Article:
Downtown Chilliwack shelter expansion moves forward

Donation from Rotary club allows Ruth and Naomi's to build secure rooms for men and women

Crews shovel concrete into forms to build walls around a section of Ruth and Naomi's Mission on Wednesday. Members from the Rotary Club of Chilliwack Fraser presented Bill Raddatz

Crews shovel concrete into forms to build walls around a section of Ruth and Naomi's Mission on Wednesday. Members from the Rotary Club of Chilliwack Fraser presented Bill Raddatz

There will be more beds available for Chilliwack’s homeless soon, thanks to a hefty donation by a local organization.

This week, the Chilliwack Fraser Rotary Club passed over a cheque for $73,000 to help Ruth and Naomi’s expand their shelter. The covered vestibule at the entrance to the building was only being used as a smoking area. With a little planning, and the donation from the Rotary, that area is now being closed in to become new sleeping quarters for the homeless.

One room will house beds for 12 men, another will hold four beds for women, and there will be two more office areas and a lounge incorporated into the plan.

Currently, there is room for about 14 people in the shelter overnight. However, the beds are stored away in a bathroom during the day and rolled out in the evening.

Those using the shelter arrive at 9 p.m., get something to eat and hit the showers. They’re clothes are washed for them, and they get a warm sleep with a breakfast in the morning.

The new area being built will mean they can house more people, and can do so without needing to rearrange furniture every night and morning to accommodate them.

“This will be a very efficient use of space,” said Bill Raddatz, executive director of Ruth and Naomi’s. As Raddatz met with the Rotary directors on Tuesday afternoon, a concrete truck whirred away and workers built the forms for the new walls.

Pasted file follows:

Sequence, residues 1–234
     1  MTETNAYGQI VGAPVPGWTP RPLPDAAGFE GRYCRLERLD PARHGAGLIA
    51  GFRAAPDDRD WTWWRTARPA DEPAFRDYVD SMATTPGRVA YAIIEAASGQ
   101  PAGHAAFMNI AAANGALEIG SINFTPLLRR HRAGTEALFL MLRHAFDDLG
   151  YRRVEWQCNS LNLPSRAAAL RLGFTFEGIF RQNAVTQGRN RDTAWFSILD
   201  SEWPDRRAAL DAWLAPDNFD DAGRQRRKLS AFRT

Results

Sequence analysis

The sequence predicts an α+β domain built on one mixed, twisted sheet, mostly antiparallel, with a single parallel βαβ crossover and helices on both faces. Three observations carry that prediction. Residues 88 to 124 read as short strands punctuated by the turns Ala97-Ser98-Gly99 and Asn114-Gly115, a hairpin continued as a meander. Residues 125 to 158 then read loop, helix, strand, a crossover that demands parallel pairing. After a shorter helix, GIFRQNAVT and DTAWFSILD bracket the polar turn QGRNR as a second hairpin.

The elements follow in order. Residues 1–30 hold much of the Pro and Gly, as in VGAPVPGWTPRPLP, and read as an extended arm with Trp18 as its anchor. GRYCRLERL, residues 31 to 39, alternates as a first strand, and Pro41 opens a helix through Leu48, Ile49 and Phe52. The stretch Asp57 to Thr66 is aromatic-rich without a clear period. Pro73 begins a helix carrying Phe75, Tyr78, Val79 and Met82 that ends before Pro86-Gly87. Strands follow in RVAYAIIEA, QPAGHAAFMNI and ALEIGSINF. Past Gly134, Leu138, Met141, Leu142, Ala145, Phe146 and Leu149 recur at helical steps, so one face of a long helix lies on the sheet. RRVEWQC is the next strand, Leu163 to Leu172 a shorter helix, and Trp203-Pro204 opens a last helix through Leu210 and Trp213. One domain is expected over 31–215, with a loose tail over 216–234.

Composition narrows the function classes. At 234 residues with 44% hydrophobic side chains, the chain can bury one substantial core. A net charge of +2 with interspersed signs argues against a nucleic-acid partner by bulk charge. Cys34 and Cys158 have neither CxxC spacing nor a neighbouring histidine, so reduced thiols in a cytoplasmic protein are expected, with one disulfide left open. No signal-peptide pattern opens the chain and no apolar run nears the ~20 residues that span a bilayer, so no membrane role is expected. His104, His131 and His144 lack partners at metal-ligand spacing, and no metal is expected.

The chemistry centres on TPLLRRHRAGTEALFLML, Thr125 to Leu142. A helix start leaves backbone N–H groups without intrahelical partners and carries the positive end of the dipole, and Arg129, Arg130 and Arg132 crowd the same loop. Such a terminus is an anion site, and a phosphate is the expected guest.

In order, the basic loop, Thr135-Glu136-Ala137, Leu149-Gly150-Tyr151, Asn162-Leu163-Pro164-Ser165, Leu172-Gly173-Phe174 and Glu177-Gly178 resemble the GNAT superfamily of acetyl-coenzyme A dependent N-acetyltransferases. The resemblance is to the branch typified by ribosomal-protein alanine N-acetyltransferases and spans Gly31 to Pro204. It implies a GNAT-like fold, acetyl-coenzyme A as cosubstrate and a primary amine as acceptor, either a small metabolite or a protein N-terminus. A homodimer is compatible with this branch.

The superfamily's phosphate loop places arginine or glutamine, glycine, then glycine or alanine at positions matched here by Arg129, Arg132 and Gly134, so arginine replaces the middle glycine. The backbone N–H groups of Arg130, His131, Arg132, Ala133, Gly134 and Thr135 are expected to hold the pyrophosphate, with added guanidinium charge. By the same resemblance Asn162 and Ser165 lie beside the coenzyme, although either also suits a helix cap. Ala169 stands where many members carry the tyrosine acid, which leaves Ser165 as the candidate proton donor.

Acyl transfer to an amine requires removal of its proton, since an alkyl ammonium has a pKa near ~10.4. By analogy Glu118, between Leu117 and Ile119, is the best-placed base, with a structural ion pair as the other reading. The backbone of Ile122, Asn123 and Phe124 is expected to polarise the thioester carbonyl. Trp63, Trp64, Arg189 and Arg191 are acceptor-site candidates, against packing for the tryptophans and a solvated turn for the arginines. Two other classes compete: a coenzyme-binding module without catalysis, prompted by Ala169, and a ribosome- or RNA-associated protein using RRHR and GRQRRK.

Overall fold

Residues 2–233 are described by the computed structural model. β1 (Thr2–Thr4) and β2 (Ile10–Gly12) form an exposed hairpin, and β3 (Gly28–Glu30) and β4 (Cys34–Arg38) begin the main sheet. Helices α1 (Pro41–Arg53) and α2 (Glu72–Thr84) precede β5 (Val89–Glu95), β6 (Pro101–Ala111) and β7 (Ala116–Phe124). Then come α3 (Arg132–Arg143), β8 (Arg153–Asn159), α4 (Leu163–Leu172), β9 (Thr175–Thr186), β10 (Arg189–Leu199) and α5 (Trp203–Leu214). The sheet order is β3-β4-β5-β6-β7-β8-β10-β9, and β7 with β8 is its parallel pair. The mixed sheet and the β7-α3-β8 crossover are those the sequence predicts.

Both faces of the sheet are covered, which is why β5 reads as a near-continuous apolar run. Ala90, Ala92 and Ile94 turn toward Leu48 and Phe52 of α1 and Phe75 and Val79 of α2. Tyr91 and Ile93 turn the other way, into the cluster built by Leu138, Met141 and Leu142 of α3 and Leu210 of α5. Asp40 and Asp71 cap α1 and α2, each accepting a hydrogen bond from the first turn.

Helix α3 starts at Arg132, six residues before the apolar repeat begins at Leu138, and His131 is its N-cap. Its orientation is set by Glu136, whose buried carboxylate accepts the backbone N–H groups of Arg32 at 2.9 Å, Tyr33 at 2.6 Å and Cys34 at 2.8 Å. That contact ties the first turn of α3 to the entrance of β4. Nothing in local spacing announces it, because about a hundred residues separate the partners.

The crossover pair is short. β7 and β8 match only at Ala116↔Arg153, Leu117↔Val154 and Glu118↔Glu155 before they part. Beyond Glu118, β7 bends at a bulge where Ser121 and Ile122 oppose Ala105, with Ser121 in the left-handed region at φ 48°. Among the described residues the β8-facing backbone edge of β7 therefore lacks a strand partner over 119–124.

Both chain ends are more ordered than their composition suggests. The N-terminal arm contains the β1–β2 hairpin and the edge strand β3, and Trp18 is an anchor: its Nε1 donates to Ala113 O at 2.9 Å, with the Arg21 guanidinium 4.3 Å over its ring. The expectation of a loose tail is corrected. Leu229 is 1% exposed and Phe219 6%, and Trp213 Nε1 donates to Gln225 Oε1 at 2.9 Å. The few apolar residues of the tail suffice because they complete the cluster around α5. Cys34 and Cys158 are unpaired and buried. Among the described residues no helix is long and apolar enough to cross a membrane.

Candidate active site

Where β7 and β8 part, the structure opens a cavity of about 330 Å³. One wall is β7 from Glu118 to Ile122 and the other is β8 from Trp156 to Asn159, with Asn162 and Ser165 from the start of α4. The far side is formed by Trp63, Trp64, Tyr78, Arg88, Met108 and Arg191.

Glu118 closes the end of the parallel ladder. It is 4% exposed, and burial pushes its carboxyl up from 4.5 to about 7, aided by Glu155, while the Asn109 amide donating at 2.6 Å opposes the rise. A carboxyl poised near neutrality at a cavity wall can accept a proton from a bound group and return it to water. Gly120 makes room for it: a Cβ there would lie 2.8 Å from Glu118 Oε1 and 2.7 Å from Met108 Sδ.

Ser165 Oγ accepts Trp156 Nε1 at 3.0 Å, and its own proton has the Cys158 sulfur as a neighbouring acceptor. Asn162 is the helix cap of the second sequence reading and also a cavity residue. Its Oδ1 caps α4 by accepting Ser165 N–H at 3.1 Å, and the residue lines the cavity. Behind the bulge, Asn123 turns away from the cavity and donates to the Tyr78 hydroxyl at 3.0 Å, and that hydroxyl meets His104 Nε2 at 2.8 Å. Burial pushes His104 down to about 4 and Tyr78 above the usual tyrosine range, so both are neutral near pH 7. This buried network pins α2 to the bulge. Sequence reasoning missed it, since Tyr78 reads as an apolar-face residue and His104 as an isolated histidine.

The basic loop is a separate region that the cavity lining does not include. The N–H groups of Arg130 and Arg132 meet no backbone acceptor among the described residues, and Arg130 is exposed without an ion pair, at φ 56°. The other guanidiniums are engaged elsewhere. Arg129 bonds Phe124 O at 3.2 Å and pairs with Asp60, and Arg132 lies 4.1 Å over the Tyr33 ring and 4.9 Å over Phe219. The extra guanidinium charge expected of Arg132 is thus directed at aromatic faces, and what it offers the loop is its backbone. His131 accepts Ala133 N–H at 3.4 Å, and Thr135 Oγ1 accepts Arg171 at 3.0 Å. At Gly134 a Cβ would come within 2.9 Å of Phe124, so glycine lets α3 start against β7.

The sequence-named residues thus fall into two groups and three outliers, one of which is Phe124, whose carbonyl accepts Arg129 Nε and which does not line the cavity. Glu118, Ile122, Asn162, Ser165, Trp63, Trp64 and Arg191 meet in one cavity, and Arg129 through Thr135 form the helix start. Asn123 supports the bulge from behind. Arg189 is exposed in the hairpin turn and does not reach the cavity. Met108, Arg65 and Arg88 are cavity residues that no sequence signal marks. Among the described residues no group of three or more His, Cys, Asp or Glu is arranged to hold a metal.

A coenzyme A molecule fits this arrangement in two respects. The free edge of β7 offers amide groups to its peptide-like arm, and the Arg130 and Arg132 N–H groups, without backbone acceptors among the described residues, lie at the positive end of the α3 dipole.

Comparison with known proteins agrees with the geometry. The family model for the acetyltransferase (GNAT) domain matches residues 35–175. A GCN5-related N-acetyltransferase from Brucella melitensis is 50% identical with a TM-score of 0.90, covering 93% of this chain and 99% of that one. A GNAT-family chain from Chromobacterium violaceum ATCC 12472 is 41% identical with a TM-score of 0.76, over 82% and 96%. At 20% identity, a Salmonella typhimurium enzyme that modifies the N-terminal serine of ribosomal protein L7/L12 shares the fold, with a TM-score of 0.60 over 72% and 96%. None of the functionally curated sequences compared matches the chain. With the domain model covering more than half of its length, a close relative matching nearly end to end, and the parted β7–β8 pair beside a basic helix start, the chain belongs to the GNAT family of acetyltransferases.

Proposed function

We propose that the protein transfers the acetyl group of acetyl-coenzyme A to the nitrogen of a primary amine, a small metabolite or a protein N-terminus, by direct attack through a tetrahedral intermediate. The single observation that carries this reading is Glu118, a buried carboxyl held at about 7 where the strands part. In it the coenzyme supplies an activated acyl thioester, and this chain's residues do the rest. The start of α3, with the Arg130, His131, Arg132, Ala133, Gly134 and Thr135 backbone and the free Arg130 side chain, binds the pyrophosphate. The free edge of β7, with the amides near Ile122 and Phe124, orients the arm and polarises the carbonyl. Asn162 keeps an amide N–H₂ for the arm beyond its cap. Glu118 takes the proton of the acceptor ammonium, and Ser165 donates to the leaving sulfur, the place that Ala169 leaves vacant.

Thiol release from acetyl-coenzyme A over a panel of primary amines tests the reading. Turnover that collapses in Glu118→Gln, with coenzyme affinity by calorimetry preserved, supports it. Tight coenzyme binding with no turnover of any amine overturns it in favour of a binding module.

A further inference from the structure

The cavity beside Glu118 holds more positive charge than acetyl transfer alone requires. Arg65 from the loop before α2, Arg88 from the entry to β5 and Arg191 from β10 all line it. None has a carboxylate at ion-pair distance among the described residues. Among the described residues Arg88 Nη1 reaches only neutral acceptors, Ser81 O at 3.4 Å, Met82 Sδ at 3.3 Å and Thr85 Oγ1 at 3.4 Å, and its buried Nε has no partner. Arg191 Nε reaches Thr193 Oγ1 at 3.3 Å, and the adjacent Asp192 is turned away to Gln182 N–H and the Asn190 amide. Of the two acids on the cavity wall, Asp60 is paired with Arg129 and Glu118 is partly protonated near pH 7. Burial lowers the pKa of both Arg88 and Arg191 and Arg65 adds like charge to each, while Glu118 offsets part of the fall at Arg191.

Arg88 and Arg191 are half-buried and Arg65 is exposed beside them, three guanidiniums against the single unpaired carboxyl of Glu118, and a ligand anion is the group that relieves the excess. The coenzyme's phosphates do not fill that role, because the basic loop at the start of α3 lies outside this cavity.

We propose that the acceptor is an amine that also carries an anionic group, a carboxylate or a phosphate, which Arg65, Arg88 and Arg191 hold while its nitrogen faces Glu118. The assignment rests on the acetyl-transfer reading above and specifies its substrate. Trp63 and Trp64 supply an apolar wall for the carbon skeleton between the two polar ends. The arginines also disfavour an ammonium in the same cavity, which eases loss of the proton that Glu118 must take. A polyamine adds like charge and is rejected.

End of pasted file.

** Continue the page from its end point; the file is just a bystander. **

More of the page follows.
It’s just another step toward building a better shelter, Raddatz said. Later this year, they hope to make renovations inside the building to allow for more offices. Eventually, they would be spaces for counseling and medical services.

Gary Armstrong, president of the Chilliwack Fraser Rotary, said the club saw a great need in the community for more shelter space.

“There’s a real need here,” he said, with many people “getting lost through the cracks of the system.

“There has been a lot of cooperation between agencies and this is just another way of helping out.”

The project will cost Ruth and Naomi’s about $120,000.





Just Posted

Brandon Hobbs (turquoise shirt), brother of missing Abbotsford man Adam Hobbs, gathers with other family and friends to distribute posters in Chilliwack on Thursday, June 17, 2021. (Jenna Hauck/ Chilliwack Progress)
Search efforts expand to Chilliwack and beyond for missing Abbotsford man

Family, friends put up posters in Chilliwack, Agassiz, Hope for missing 22-year-old Adam Hobbs

Pig races at the 147th annual Chilliwack Fair on Aug. 10, 2019. (Jenna Hauck/ Chilliwack Progress file)
Chilliwack Fair plans in-person event for 149th annual exhibition

Will be first large-scale, in-person event in over a year, provided regulations continue as planned

Vivian Le is one of two local recipients of a Beedie Luminaries scholarship.
Chilliwack students overcome adversity to win Beedie Luminaries scholarships